Eagle County commish race in full | AspenTimes.com
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Eagle County commish race in full

Aspen Times Staff Report

Editor’s note: Beginning today, The Aspen Times will begin running stories each day related to the upcoming election. Eagle County voters will decide two county commissioner races Nov. 7. This story profiles the three candidates in the District 2 race. All voters are eligible to vote in the race.

The three candidates in the Eagle County Commissioner District 2 race have already campaigned long enough to develop the habit of keeping their guard up, as politicians are wont to do.

They answer questions cautiously, seek the middle ground and avoid any statements they sense could turn off voters – until, that is, they are asked how they differ from their foes. Then they become political beasts of a different nature, throwing caution to the wind and, perhaps, revealing a little more about themselves.

Steve Morris, 57, a retired businessman, noted that candidate Arn Menconi “considers himself a classic Democrat.” Morris, who is running as a Republican, applies the “moderate” label to himself, someone who has conservative values but remains flexible.

Morris claimed he is “well-rounded” while Menconi is a “single-issue candidate.” When asked what that issue is, Morris said Menconi’s message is one of “compassion for young, disadvantaged children. That’s what I’ve heard.”

Morris contended he has a greater array of experiences to draw from. He graduated from Boston University in 1965 with a degree in health, physical education and recreation. He served as an officer with the U.S. Army in Vietnam, then built a successful business selling paper products.

His forte, he claimed, is listening to people and forming ideas and plans based on what he heard. That’s a key ingredient to being an effective elected official, he said.

Morris, a resident of Edwards, has lived in Eagle County for six years.

Menconi, 41, has only been in Eagle County two years longer than Morris, but believes his background and experiences have put him in touch with a greater cross-section of the constituency.

Morris “lives in an exclusive golf course community,” Menconi noted, whereas he has lived in rental housing, worked in ski shops, washed dishes and generally scratched to make a living – like many other people.

In 1993 he founded a nonprofit organization called the Snowboard Outreach Society, or SOS, which works with disadvantaged youth of the Front Range and Eagle County. As executive director, he brings kids to resorts for a day.

While he disagreed with Morris’ assessment that he is a one-issue candidate, he said he is very supportive of county efforts to work with youth and would attempt to do more.

“The main difference is I lead with the youth issue,” he said when comparing himself to his foe. He sees his main constituency as young professionals and people with an active lifestyle. He is an avid cyclist, who enjoys ultra-marathon races.

Another difference, Menconi alleged, is the approach to campaigns. While Morris has the money to spend a bundle self-financing his campaign, Menconi is accepting contributions of $100 or less, he said. He’s created a Web site – http://www.votearn.com – to spread his platform.

“He could potentially spend $30,000 on his campaign. I might spend $5,000,” said Menconi.

The third candidate in the race, Edwards resident Kathy Warren, believes she has experiences which differentiate her from both foes. Warren, who is running as an independent candidate, said she’s worked for both the private and public sectors in community development, so she believes she’s trained to deal with one of the biggest issues facing Eagle County – growth.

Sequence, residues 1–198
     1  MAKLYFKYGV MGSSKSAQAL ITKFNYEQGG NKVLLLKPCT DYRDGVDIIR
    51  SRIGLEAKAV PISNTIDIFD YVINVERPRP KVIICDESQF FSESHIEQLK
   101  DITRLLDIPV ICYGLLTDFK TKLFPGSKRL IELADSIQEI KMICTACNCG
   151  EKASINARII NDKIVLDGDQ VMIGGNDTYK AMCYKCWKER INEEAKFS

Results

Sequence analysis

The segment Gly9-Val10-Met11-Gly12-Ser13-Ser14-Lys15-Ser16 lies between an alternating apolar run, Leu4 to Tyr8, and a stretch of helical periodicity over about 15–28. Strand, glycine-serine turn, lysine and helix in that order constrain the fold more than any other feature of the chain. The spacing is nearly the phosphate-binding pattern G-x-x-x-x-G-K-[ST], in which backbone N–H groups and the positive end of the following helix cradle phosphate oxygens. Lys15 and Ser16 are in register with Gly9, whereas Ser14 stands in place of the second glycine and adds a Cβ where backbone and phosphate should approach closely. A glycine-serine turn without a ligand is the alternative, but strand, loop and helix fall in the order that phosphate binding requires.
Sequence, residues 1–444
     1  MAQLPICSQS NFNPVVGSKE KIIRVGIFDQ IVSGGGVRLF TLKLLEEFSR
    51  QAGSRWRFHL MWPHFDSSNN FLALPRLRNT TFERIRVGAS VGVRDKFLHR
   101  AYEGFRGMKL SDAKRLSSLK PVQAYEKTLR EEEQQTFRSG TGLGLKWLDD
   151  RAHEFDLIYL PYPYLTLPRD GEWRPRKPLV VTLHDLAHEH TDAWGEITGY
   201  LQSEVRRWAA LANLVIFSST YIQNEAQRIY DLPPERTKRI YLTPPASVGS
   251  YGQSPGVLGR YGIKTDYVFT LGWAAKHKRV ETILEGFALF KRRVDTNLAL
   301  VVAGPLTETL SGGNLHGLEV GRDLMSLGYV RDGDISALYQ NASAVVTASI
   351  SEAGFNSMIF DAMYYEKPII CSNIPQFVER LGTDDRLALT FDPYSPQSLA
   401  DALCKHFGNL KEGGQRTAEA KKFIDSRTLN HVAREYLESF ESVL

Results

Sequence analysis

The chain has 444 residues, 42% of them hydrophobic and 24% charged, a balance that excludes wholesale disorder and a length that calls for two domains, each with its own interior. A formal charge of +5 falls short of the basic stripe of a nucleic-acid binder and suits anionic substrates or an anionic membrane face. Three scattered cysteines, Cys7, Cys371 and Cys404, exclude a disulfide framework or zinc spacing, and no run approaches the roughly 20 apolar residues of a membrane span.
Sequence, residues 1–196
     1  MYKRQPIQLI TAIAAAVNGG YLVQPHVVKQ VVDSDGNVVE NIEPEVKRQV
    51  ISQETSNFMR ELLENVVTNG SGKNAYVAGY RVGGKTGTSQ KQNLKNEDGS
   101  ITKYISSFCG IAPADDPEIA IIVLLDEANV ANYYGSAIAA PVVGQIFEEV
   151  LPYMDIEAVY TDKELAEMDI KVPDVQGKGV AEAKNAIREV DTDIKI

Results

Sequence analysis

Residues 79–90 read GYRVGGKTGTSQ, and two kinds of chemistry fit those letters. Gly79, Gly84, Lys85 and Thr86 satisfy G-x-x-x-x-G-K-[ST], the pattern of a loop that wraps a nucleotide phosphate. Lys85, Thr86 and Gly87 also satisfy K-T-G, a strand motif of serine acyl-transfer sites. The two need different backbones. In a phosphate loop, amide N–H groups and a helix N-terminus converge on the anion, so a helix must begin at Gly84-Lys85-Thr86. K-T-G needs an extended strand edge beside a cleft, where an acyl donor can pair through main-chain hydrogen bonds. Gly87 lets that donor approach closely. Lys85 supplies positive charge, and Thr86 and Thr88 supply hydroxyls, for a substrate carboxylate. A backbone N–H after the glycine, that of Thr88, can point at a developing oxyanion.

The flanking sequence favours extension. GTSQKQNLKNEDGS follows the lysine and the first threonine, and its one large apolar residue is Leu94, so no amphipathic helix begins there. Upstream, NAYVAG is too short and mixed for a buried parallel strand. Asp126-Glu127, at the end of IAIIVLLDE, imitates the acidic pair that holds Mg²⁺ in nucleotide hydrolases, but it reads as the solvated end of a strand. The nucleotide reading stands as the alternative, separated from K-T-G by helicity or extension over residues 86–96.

She worked for a corporate home builder and now works for the community development department of the town of Vail, although she’s required to take a leave of absence while campaigning and said she would quit the job if elected commissioner.

Warren has lived in Eagle County for 13 years and said she has “walked in the same shoes” as many people struggling to make a living in the mountains. She believes lack of affordable housing is a major concern and would ease the shortage by requiring developers to include it in their projects. She doesn’t believe the county government should build housing.

All three candidates share opposition to Amendment 24, the statewide slow-growth initiative that will be on Colorado’s Nov. 7 ballot. But that’s where their similarities on growth end.

Warren advocated the strongest position. “The growth is out of control,” she said. She believes the county must vigorously follow its planning documents and listen to the desires of citizens.

“I don’t think it’s fair for the community to override what the towns want,” said Warren. “I would be unified with the towns.”

Menconi said he opposes Amendment 24 because “it’s poorly written.”

“It’s not a safe remedy,” he said. “I think a safe remedy is voting in the right people.”

And the right people, he contended, would support the idea of discouraging sprawl and promoting growth in urban areas.

Morris said he is against the statewide growth control measure because land use matters are best left in local hands. As commissioner, he would rely heavily on the master plan and sub-area master plans for guidance.

He disagreed with Menconi’s position that growth should be restricted to town cores.

“I would say I’m not for prohibiting growth from anywhere,” he said. “I’m for growth, not against growth. But I think it has to be managed.”

Menconi, Morris and Warren are vying to replace Johnnette Phillips, who has held the District 2 seat for eight years. The winner will earn a four-year term.


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